This species was discovered in 1971 by Alfred Lau, in a location south of Tocopilla, Chile. It took some time before it was officially described because it shares many characteristics with both Copiapoa and Eriosyce s.l. (s.l. meaning “sensu lato”, as in the expanded view of that genus), while at the same time possessing many particular characteristics other members of those genera do not. In the nineties it was included in the genus Eriosyce s.l., although some felt it belonged in Copiapoa, while others felt the genus Islaya (included in the sensu lato version of Eriosyce) was the best fit. Roy Mottram felt the species was too distinct to belong in Eriosyce, and erected the genus Rimacactus for it in 2001. Later phylogenetic molecular studies have shown this to be the most correct option, as the species is not closely related to Eriosyce. The same studies show that it is most closely related to Yavia (another monotypic genus) and Neowerdermannia (a genus with two species).
It is an attractive species with white needle like spines on a greenish-brown body, and with copious amounts of wool. There is, however, a very great difference between plants in habitat and grafted plants in cultivation. The plant is often grafted because it is fairly difficult on its own roots, being particularly vulnerable to overwatering. The upside of grafting is that it flowers easily and willingly, while also developing a lot of attractive wool. On the other hand it does not particularly resemble habitat plants when grafted.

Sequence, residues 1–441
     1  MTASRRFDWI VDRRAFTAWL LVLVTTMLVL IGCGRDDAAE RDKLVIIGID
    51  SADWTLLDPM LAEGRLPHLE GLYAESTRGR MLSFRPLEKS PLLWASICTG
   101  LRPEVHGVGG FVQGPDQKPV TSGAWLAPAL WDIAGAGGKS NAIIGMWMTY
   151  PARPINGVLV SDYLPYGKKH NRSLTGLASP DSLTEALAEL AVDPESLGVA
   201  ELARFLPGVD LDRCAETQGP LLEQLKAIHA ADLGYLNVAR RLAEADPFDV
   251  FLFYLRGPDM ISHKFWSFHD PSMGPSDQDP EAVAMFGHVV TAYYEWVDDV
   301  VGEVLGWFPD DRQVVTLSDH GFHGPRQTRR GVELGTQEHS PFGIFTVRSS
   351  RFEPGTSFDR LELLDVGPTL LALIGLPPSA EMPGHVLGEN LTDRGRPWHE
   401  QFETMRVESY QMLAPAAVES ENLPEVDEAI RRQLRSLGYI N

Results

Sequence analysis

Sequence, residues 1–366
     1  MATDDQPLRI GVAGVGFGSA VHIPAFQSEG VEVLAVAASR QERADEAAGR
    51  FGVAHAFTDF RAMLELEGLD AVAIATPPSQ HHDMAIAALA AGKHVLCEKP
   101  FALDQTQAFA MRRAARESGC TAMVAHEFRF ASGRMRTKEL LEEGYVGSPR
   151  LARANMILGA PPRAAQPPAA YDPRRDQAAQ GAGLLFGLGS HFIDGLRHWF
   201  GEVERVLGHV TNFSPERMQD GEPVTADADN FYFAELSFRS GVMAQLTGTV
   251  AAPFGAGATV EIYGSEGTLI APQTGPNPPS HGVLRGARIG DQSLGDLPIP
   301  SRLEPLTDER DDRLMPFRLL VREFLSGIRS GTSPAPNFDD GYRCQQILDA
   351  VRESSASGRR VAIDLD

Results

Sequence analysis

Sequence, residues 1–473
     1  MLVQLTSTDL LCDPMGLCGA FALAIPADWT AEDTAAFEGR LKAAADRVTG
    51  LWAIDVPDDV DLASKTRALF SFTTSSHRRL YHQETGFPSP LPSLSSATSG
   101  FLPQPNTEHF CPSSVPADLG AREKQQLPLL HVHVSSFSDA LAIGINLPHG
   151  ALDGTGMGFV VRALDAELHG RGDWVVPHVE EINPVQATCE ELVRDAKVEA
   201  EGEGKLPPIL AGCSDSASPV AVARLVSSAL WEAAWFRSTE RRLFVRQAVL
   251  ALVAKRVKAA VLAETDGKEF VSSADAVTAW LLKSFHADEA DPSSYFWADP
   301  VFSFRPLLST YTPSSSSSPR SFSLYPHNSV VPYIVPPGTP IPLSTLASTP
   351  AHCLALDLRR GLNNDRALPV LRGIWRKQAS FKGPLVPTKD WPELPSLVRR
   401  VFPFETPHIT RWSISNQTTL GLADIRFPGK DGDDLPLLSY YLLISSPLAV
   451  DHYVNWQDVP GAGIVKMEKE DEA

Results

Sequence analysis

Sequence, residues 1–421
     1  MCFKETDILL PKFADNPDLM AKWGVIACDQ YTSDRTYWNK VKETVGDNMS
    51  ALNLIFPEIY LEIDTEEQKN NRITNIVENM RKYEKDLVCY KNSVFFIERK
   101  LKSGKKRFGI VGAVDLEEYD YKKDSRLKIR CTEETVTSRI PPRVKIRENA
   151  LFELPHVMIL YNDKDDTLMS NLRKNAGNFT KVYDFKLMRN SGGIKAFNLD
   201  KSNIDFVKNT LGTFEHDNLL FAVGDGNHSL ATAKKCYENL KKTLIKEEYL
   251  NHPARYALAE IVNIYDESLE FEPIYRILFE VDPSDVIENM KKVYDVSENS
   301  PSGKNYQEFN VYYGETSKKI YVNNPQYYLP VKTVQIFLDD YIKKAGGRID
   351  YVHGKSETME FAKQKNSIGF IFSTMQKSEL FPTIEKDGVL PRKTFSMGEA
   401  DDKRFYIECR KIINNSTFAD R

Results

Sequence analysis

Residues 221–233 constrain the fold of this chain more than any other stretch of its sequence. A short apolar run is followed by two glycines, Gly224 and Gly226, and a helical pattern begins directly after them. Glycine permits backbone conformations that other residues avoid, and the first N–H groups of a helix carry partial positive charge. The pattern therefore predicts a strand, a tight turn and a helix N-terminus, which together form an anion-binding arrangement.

I sowed some 10 seeds 18 months ago and two germinated. They grew very slowly and as seeds of this species are usually quite rare I decided to graft the two seedlings in order to try and produce seeds of my own in the future. Only one of the grafts were successful however, but in exchange it has grown very well and has now flowered just a little over a year after being grafted. The stock plant is Pereskiopsis diguetii which is an excellent stock plant for seedlings and will greatly accelerate growth.
The petals are a nice shade of yellow, while the sepals contrast well with an attractive brownish-red colour. The flowers last a good deal longer than in most cacti. The flowers also contrast nicely with all the white wool.
I am going to sow more seeds of this species soon and try to grow them on their own roots. The species will probably do best in a completely inorganic mixture with somewhat infrequent watering.